Fresh Tussle is Brewing as Parliament Gives Ken Okoth’s Family Sh32Million

The family of former Kibra MP Ken Okoth will get Sh32 million from Parliament. The amount includes his group life insurance cover and death gratuity.

The family will however have to wait for some time since Parliament must first get a letter from the courts indicating the administrator of the late MP’s estate.

“Yes the family is entitled to Sh32 million before tax, but we are not releasing the money now. We have to follow the law, which requires that we have to first get the letter of the administrator of the estate,” a pension expert averred.

The late Okoth and his mother

“If the family agree on how to share the money, the name of the administrator must be published in the Kenya Gazette, so that anybody with an issue can come up,”

The deceased’s brother, Mr Imran Okoth, however did not want to discuss the matter terming it private and that the family lawyer is best placed to handle it.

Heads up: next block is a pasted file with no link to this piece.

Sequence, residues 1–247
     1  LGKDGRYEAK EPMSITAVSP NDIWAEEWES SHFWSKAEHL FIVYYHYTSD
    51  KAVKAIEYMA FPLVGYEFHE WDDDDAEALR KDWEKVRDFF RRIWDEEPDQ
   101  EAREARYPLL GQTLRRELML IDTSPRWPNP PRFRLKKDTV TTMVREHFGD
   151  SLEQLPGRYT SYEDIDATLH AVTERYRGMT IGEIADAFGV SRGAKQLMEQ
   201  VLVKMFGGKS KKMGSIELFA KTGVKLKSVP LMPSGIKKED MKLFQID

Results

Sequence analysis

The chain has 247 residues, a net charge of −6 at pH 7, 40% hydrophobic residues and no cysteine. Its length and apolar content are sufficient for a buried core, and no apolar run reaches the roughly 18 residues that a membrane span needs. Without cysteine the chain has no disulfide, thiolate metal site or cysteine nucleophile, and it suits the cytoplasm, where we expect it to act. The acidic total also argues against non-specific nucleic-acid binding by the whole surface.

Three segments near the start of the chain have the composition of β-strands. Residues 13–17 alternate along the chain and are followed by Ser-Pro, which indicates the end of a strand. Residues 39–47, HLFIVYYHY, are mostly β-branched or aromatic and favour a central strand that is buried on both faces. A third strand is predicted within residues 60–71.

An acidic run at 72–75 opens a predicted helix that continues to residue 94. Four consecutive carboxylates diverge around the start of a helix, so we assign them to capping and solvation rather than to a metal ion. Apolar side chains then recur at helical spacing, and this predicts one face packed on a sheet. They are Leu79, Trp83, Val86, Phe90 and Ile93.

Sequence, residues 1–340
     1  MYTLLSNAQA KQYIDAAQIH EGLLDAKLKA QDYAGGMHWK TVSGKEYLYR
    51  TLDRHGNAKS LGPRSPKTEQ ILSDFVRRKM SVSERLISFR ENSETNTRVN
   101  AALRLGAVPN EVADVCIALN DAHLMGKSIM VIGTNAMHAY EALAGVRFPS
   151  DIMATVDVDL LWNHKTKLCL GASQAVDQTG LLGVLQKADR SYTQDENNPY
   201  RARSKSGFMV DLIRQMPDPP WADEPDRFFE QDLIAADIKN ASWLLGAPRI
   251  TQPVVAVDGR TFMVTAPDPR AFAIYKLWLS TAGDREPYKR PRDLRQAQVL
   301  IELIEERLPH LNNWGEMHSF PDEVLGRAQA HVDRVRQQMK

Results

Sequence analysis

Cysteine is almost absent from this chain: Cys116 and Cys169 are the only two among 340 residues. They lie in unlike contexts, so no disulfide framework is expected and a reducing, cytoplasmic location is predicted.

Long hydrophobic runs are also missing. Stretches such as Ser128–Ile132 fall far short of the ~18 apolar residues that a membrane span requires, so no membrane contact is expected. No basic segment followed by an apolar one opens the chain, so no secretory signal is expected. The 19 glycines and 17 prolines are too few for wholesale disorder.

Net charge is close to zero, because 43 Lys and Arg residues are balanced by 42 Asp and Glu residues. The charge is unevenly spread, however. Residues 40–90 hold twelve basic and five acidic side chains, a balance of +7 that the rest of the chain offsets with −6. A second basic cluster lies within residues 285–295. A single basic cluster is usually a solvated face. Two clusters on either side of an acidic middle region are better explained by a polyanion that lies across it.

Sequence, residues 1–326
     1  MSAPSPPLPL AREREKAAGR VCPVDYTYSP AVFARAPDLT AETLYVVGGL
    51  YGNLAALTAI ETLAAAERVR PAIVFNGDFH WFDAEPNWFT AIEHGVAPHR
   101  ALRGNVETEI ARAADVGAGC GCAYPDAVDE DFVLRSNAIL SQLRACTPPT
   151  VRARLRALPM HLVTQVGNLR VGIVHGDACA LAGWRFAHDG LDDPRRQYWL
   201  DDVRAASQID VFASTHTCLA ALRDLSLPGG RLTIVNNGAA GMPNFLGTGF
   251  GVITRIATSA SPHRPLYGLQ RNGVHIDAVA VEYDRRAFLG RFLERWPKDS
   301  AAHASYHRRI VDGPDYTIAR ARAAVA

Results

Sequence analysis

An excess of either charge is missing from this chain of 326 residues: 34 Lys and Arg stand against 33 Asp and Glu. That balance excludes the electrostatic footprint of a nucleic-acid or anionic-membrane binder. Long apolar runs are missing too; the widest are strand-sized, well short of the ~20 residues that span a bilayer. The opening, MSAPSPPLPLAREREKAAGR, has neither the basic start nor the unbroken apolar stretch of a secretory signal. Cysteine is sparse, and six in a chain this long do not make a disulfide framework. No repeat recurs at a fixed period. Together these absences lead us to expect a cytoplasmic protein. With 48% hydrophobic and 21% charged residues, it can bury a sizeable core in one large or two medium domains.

“I don’t know why they are telling you the amount and all that. Why would they do that yet these are personal matters?” he said.

Drama arose after Ken’s death after his baby mama came forth and demanded to be included in the internment plans as well as her son to be included in dad’s property sharing.

Okoth and his widow Monica

Lawmakers contribute 12.75 per cent of their salary as pension, which is matched by the State. The legislator’s pensionable emoluments include salary, responsibility allowance, constituency allowance, nominated member’s allowance, ex officio member’s allowance, house allowance, accommodation allowance and sitting allowance.

Okoth and his baby mama

In March 2013, the SRC gazetted a remuneration package for MPs that included a gratuity calculated at the rate of 31 per cent of the annual basic pay. It is paid at the end of their term.

The Parliamentary Pensions Act stipulates that only those who serve for two terms or more are entitled to a monthly pension of at least Sh125,000 for the rest of their lives.

The law provides that those who serve less than two terms get a refund of their contribution, with an annual 15 per cent interest.

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